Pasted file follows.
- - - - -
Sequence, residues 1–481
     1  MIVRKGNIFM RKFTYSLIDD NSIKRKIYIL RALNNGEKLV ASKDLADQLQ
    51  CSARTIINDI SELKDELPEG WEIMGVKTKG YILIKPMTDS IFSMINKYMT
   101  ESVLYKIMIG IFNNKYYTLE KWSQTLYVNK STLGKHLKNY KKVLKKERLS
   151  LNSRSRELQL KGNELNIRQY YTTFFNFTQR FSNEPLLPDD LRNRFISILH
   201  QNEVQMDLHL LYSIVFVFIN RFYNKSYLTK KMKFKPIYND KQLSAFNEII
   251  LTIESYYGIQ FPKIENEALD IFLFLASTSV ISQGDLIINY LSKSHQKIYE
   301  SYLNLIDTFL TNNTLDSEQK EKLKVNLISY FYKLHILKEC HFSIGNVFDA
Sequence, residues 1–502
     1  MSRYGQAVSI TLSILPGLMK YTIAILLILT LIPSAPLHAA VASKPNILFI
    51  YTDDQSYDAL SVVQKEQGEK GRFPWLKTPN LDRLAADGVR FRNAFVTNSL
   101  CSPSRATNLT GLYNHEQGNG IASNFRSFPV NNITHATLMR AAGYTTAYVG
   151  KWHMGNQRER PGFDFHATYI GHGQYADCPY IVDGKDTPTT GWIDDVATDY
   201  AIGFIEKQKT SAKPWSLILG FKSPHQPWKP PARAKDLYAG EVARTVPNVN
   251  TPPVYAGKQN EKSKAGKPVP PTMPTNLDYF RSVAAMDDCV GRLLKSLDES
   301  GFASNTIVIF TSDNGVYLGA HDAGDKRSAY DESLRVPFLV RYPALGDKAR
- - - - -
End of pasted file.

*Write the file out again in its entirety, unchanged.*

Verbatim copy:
Sequence, residues 1–481
     1  MIVRKGNIFM RKFTYSLIDD NSIKRKIYIL RALNNGEKLV ASKDLADQLQ
    51  CSARTIINDI SELKDELPEG WEIMGVKTKG YILIKPMTDS IFSMINKYMT
   101  ESVLYKIMIG IFNNKYYTLE KWSQTLYVNK STLGKHLKNY KKVLKKERLS
   151  LNSRSRELQL KGNELNIRQY YTTFFNFTQR FSNEPLLPDD LRNRFISILH
   201  QNEVQMDLHL LYSIVFVFIN RFYNKSYLTK KMKFKPIYND KQLSAFNEII
   251  LTIESYYGIQ FPKIENEALD IFLFLASTSV ISQGDLIINY LSKSHQKIYE
   301  SYLNLIDTFL TNNTLDSEQK EKLKVNLISY FYKLHILKEC HFSIGNVFDA
Sequence, residues 1–502
     1  MSRYGQAVSI TLSILPGLMK YTIAILLILT LIPSAPLHAA VASKPNILFI
    51  YTDDQSYDAL SVVQKEQGEK GRFPWLKTPN LDRLAADGVR FRNAFVTNSL
   101  CSPSRATNLT GLYNHEQGNG IASNFRSFPV NNITHATLMR AAGYTTAYVG
   151  KWHMGNQRER PGFDFHATYI GHGQYADCPY IVDGKDTPTT GWIDDVATDY
   201  AIGFIEKQKT SAKPWSLILG FKSPHQPWKP PARAKDLYAG EVARTVPNVN
   251  TPPVYAGKQN EKSKAGKPVP PTMPTNLDYF RSVAAMDDCV GRLLKSLDES
   301  GFASNTIVIF TSDNGVYLGA HDAGDKRSAY DESLRVPFLV RYPALGDKAR